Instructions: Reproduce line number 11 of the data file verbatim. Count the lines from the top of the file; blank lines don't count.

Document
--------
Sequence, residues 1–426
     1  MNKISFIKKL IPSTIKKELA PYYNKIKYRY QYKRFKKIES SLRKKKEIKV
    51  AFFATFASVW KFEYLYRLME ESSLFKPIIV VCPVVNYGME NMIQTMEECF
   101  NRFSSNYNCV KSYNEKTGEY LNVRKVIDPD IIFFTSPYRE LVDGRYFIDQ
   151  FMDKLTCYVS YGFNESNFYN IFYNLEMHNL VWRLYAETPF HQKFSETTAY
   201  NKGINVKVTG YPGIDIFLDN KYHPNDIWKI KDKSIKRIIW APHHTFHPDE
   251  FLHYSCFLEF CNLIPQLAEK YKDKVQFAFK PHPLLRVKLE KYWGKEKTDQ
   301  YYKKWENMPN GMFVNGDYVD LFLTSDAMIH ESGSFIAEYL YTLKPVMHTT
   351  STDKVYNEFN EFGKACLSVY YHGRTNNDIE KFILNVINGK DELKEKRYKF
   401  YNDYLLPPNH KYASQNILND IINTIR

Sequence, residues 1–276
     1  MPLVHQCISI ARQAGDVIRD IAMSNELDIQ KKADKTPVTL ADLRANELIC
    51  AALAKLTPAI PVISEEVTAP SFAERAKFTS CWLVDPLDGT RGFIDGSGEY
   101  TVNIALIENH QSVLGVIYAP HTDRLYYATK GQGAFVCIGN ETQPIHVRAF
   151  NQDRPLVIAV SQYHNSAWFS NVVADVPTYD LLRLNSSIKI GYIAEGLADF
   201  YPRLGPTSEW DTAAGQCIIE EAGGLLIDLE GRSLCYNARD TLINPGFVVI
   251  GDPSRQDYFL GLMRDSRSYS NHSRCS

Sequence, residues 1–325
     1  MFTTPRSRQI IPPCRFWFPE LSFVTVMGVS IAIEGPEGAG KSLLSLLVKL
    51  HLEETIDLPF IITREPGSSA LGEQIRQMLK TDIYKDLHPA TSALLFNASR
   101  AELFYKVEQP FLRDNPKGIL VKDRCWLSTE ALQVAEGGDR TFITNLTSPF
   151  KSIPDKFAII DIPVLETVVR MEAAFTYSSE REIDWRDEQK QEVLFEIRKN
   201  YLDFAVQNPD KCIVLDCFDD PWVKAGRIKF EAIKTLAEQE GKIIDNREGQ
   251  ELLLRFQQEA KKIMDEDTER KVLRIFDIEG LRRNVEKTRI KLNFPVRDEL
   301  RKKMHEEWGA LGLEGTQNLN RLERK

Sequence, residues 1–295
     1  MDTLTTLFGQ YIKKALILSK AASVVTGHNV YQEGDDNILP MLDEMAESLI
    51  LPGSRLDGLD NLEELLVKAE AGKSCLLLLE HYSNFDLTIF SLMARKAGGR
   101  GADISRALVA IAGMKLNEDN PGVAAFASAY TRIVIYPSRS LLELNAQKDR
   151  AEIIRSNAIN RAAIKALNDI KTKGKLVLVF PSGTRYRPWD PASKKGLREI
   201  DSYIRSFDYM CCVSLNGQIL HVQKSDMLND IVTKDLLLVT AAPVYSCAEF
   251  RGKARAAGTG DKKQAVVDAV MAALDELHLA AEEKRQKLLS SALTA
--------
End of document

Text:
Sequence, residues 1–276